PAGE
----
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Bomb Scare at Burbank Airport Snags Travelers

Transit: Authorities hold a man and seize his laptop computer at an X-ray checkpoint. Gates close for hours, delaying flights and stranding hundreds of passengers.

April 21, 2001|ANNETTE KONDO and RICHARD FAUSSET | TIMES STAFF WRITERS

BURBANK — At least 30 flights and several hundred passengers at Burbank Airport were delayed Friday for more than five hours after authorities said they detained a man and inspected his laptop computer, which they suspected may have been a bomb.

Airport security became suspicious that a laptop they inspected was "possibly explosive" at about 4:30 p.m. as it was being screened at the checkpoint leading to Concourse A, which handles flights for Southwest and America West airlines, airport spokesman Victor Gill said.

The man carrying the computer, whose name was not released, had not been charged with any offense late Friday, Gill said.

"We don't know what flight that person was destined for," Gill said. "We don't know if he had a plane ticket or if he had a flight he was going to. We don't know if it was a real computer . . . They are treating it like it has some risk."

FBI Special Agent Matthew McLaughlin said the authorities' concern "was relative to the X-ray process involving the computer. It may have been difficult to get the [photo] resolution they wanted, which forced security to go to other inspection means."

Airport security consequently "did a swab" of the computer and its bag, which "came up positive for a chemical residue of concern," although the titanium in the laptop might have triggered a false reading, officials said. Later, officials said no explosives were found.

Los Angeles County sheriff's investigators and bomb squad technicians responded, as did FBI special agents.

"There may be a plausible explanation for that residue," McLaughlin said. "That is under investigation."

The nine-gate concourse was closed shortly after the man was detained.

People were moved to a nearby baggage claim area, and a restaurant nearby was also evacuated. A fire door was also lowered between the main terminal building and the checkpoint as a precautionary measure.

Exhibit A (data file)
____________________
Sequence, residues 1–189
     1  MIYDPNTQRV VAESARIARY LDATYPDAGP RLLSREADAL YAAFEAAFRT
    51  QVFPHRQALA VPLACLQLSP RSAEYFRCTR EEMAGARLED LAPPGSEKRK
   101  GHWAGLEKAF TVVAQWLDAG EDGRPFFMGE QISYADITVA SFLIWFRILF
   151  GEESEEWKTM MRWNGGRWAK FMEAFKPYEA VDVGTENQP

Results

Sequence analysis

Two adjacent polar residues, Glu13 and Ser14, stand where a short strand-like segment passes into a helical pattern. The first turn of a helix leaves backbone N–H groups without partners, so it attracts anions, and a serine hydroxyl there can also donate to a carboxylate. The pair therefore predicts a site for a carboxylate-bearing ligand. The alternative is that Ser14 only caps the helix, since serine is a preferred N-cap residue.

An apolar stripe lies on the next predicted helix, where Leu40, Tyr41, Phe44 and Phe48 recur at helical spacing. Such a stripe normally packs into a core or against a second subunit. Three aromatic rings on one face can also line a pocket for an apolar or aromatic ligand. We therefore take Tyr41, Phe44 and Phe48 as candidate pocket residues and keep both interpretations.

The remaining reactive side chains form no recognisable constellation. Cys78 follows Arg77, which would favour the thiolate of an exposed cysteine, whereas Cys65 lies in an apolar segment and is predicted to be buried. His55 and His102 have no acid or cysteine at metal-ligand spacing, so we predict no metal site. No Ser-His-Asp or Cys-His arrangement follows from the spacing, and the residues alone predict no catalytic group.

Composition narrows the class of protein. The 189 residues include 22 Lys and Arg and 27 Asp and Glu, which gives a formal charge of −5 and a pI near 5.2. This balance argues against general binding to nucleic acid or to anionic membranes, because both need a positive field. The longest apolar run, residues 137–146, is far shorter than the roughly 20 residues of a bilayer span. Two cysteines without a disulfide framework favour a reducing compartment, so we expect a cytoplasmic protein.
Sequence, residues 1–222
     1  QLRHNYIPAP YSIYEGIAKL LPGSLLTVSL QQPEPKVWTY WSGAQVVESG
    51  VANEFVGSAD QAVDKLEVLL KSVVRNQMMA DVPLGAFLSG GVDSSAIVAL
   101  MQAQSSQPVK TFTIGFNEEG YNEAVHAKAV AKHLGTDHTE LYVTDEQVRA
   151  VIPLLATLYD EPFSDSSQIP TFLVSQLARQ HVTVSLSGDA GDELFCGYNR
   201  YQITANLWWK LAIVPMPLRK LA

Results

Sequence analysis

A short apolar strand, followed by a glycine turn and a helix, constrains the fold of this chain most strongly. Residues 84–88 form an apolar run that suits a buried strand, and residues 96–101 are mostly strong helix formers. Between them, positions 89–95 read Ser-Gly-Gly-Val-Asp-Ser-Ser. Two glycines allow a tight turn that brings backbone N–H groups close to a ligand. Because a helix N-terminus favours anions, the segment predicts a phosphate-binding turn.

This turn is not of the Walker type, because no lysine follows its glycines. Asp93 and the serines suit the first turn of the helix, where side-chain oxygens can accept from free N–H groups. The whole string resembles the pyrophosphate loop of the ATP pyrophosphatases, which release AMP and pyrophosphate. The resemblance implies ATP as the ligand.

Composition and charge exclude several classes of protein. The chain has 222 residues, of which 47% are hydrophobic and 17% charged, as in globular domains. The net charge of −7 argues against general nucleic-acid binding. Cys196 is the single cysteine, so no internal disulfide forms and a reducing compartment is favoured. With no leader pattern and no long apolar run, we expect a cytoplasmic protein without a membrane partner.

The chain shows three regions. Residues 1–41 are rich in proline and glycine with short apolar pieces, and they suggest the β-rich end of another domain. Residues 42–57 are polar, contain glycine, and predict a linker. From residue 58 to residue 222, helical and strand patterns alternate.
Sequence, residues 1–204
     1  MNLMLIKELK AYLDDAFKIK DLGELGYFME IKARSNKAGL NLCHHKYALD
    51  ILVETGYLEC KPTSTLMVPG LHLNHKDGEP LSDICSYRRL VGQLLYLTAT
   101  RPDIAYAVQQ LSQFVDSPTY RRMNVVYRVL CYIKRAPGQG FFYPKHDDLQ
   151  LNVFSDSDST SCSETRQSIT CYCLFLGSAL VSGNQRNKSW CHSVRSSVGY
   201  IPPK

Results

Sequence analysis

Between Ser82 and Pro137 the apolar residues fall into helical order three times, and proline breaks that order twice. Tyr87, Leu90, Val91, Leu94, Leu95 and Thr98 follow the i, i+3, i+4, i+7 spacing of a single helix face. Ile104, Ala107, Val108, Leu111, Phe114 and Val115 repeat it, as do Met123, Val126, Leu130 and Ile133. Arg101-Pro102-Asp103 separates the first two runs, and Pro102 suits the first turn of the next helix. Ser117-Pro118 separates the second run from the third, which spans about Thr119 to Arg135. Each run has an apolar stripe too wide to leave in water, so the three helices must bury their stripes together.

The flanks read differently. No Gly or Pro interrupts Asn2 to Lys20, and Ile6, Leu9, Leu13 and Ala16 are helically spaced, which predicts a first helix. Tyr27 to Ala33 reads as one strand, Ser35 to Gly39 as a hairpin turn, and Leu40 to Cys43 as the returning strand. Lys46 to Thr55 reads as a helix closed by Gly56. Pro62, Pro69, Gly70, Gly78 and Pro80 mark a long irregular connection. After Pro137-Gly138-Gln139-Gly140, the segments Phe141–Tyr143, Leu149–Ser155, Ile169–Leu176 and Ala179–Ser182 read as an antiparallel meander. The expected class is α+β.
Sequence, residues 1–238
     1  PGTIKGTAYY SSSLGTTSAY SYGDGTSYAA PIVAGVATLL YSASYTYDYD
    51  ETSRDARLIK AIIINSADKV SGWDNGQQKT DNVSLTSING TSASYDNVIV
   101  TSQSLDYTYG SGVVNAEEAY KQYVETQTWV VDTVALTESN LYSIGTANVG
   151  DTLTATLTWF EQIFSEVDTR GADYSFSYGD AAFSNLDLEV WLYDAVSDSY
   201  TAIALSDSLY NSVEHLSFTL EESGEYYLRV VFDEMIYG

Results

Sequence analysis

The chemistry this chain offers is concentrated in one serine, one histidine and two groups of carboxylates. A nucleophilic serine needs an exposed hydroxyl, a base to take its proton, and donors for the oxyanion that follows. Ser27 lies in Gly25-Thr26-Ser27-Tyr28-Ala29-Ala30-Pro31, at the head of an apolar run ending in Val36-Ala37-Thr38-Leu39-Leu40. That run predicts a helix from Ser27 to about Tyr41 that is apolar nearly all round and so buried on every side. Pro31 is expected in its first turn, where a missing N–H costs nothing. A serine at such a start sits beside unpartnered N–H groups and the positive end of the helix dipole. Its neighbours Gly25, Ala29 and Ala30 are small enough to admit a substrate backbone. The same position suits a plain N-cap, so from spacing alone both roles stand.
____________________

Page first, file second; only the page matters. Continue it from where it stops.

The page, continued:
As the evening wore on, hundreds clogged the airport's hallways. Some spontaneously plopped themselves in the middle of foot traffic; others found themselves jammed into corners with no way out. Ticket-takers blinked back tears as angry travelers demanded answers they didn't have. Others were stranded in the parking lots after the shuttle service was shut down.

"There is no way of getting in there," shuttle driver Ed Flinsky shouted at a group of passengers waiting along the curb.

Sheriff's Bomb Squad investigators were still examining the computer at 9:40 p.m.

Southwest and America West traffic was diverted to Terminal B, which handles United and Alaska airlines flights. At around 7 p.m., three of the gates at Terminal A farthest from the checkpoint were opened, with passengers transported to Concourse B in shuttles, Gill said.

One of America West's five remaining flights for the evening suffered a 15-minute delay, spokesman Paul Barton said. Another flight from Phoenix had to be diverted to LAX after waiting above Burbank in a holding pattern. The other three flights were on time, he said.

Southwest, however, had bigger problems, with 14 departures and 16 arrivals affected by the terminal closure. Some passengers waited as long as 4 1/2 hours, spokeswoman Beth Harbin said, with the average flight delay being 2 1/2 hours.

At around 7 p.m., three of the gates at Terminal A were reopened for Southwest planes, Harbin said.

Shortly before 10:30 p.m., a Southwest employee announced that all gates in Terminal A would be opening immediately and the crowd broke into loud cheers and applause.

Though Harbin said she couldn't estimate the number of passengers affected, she noted that with Friday being a popular travel day, all of the flights were nearly full.

"We have a lot of passengers that want to get home, and we want to get them home," Harbin said amid the chaos.

Gill said a number of flights scheduled to fly into Burbank were standing by at their originating airports as sheriff's deputies examined the computer. By around 9:40 p.m., hundreds of passengers were waiting in Burbank's main terminal building to see whether their flights would be canceled, Gill said.

Marty Avila, 29, of Alhambra, was waiting for an 8 p.m. Southwest flight to Las Vegas, where she planned to get married Friday night. She fumed as the delay dragged into its second hour.

"My wedding day is all ruined," she said while standing outside Terminal A. "This is all chaos, a madhouse. They can't even tell us anything, and that's what makes it worse. . . People are stepping over each other. They're very grouchy, they're very loud."

Megee O'Neall, 44, of Reseda, was camped on the terminal floor with her 14-year-old son and his best friend. Their Southwest flight to San Jose had been delayed more than three hours. "It's reassuring in some ways," she said, referring to the painstaking examination of the laptop.

Her son, Gabe Yorke, wasn't so sure. "I hate it," he said, while playing tick-tack-toe with his buddy Easton Gilmore, also 14.

"It's kind of scary," said Easton, "but I'm calm because they're taking these precautions."

*

Staff writers Margaret Talev, Louis Sahagun and Roberto Manzano contributed to this story.

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